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The familiar sound of flying Sandhill cranes greeted me as I drove through Market Lake Wildlife Management Area north of Roberts last Tuesday. They did not land but headed toward Camas National Wildlife Refuge where some had been spotted on Monday evening.
As reported last week, the average arrival day for these beautiful cranes is usually on March 5, and these were only two days late. They must have been surprised later in the week when temperatures dived to record lows — below zero recordings — and wished that they had showed up a little later. Their tail feathers must have been a little chilly.
They were not the only spring arrivals that I found on the trip to Market Lake. I saw thousands of male Red-winged blackbirds mixing with flocks of European starlings in some of the stubble fields between Market Lake and Roberts. Some of the males have already begun to stake out nesting areas in preparation for the females’ arrival in a few weeks. You see, if they have won the right for a great nesting area before the females arrive, they will have more time to try to woo them.
From now until the first of June, I will be busy following the spring migrations, along with the amazing courtship displays of the different species of birds. One of my favorites is the courtship and relation-building of the Greater sandhill cranes.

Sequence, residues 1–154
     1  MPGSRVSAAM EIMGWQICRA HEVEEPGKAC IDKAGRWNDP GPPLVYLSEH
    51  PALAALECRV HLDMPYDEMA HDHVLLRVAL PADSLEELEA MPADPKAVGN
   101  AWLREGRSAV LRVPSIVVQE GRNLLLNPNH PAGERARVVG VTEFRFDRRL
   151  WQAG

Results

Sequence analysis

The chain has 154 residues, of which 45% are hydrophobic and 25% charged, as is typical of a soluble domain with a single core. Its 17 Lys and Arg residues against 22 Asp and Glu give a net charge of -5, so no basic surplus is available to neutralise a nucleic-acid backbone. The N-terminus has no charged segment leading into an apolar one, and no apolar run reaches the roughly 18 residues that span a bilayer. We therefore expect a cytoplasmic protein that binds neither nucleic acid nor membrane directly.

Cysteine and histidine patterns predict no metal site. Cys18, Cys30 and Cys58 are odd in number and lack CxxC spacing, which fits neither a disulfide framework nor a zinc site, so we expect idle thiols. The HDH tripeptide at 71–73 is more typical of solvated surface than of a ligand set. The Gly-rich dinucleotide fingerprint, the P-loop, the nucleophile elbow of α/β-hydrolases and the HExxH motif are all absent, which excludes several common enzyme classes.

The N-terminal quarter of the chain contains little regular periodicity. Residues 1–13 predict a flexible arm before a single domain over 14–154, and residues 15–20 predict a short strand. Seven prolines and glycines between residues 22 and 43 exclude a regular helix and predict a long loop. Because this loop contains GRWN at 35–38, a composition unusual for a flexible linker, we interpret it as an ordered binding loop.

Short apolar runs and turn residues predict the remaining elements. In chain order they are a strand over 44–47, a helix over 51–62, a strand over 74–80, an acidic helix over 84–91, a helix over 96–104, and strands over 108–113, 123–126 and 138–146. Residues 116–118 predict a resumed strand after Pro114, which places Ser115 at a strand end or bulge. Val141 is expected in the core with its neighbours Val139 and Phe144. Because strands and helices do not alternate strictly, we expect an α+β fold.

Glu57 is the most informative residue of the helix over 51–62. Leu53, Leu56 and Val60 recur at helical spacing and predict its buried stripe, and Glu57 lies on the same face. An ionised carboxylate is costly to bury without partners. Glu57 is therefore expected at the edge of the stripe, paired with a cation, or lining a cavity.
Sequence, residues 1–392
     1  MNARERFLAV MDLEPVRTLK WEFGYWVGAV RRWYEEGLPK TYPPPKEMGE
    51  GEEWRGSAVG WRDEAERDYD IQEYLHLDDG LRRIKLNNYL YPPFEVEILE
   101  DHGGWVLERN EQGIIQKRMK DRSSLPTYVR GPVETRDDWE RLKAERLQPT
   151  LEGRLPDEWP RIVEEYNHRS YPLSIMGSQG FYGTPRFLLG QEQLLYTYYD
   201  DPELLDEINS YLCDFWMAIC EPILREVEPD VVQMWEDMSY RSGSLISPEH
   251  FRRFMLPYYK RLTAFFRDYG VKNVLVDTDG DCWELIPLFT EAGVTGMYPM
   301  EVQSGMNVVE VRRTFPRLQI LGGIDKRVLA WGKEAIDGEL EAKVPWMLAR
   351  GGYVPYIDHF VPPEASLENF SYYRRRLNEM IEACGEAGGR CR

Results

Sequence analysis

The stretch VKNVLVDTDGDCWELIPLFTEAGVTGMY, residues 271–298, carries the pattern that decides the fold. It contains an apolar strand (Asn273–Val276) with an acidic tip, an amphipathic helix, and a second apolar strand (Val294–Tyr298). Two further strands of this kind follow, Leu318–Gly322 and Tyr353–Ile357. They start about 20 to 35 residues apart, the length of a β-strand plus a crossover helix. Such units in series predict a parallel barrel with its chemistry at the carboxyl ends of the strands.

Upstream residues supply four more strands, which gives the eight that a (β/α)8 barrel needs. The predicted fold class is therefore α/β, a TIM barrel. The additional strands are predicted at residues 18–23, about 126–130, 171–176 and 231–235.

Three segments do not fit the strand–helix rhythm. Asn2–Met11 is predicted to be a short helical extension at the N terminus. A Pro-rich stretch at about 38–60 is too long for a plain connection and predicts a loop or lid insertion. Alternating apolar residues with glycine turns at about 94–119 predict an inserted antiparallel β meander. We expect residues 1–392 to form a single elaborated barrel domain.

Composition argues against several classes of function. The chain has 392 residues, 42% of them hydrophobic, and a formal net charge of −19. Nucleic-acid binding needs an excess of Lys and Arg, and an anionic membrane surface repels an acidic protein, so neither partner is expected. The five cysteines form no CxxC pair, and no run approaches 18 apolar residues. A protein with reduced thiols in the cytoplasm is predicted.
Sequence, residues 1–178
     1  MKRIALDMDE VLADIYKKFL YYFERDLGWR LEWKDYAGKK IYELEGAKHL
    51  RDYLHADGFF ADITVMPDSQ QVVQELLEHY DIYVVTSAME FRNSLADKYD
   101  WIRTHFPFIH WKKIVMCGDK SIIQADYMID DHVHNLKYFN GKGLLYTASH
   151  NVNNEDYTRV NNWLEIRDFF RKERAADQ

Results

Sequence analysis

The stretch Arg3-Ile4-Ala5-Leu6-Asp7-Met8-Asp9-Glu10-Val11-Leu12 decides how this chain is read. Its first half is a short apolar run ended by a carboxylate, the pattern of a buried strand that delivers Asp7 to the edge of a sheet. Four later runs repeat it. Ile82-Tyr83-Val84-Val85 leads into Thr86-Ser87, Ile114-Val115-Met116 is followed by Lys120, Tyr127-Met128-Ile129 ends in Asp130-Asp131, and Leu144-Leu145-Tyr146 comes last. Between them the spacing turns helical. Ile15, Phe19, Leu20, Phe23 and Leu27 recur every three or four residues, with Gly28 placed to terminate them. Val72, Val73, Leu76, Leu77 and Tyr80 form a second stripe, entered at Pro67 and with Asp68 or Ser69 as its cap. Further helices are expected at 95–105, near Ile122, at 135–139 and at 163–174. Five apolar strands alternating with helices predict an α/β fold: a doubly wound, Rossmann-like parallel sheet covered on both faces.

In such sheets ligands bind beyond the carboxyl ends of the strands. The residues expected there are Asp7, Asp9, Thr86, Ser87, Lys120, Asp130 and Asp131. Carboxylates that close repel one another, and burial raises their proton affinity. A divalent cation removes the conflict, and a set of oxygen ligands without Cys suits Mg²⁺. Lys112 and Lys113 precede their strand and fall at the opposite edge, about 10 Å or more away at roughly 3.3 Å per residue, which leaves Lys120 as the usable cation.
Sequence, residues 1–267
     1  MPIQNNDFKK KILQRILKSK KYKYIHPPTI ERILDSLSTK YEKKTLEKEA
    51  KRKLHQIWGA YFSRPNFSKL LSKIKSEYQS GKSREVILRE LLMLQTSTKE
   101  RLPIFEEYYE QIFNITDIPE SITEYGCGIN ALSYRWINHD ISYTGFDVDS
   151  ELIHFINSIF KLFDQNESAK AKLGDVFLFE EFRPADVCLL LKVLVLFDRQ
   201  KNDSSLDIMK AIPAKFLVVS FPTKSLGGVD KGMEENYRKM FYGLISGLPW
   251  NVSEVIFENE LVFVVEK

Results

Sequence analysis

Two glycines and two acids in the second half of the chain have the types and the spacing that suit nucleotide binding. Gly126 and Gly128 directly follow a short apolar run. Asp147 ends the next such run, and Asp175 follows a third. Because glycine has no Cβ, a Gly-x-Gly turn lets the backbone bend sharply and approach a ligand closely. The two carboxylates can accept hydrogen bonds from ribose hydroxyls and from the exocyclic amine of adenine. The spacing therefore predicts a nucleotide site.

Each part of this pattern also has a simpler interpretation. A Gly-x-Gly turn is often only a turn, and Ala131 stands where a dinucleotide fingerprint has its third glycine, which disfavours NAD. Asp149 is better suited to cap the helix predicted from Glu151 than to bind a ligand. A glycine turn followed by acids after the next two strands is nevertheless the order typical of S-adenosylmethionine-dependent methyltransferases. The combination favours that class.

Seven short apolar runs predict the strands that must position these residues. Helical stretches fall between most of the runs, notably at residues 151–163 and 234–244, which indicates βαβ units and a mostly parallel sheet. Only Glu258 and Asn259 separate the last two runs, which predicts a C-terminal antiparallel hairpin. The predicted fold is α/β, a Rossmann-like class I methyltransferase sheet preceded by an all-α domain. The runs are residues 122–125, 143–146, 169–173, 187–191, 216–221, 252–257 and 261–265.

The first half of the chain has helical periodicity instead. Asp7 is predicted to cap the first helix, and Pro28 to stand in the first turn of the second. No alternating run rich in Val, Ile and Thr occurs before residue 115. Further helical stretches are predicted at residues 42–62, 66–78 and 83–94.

There are only a few showing up right now, but by April we will have large numbers gathering or migrating through Gray’s Lake, Mud Lake, Market Lake, the Camas NWR and the farmlands near all of these. A slow drive through these areas will allow you to find these large pre-historic looking birds. After finding them, park safely to watch and study their displays and battles. Their leaping in the air, dancing and sharing of objects with each other are always entertaining. Their dancing makes “Dancing with the Stars” look amateurish.
Several years ago, I caught a couple of sandhill cranes getting into a serious relationship by playing “Frisbee” with a dried-up cow pie. They would grab it and toss it to one another, even though catching it in the air was difficult. Nothing can be more romantic than tossing crap at each other. (Just don’t try it physically or verbally with your significant other. It may destroy your relationship!)
While looking for the sandhill cranes — when you come to some cattails or bulrushes — look for the Red-wing blackbirds as they develop their relationship with each other. Though not as exciting or showy, they too can be entertaining.
Female Great-horned owls are now sitting on their nests as they protect the eggs from the bitter cold. | Bill Schiess, EastIdahoNews.com
Then as you approach groves of trees or bushes, look for old magpie or hawk nests that have been flattened. They may have Great-gray owls nesting in them. This week in my travels I have located four Great-horned owls sitting on their nests. They started breeding in February and are now keeping the eggs warm in the bitter cold. The male is usually close by and will be bringing food to the nest for the female.
With gas prices high, I will have to cut some of my travel down. But it will be worth a day or two out in the wilds keeping track of the shows produced by the wildlife. Be safe and enjoy the great outdoors.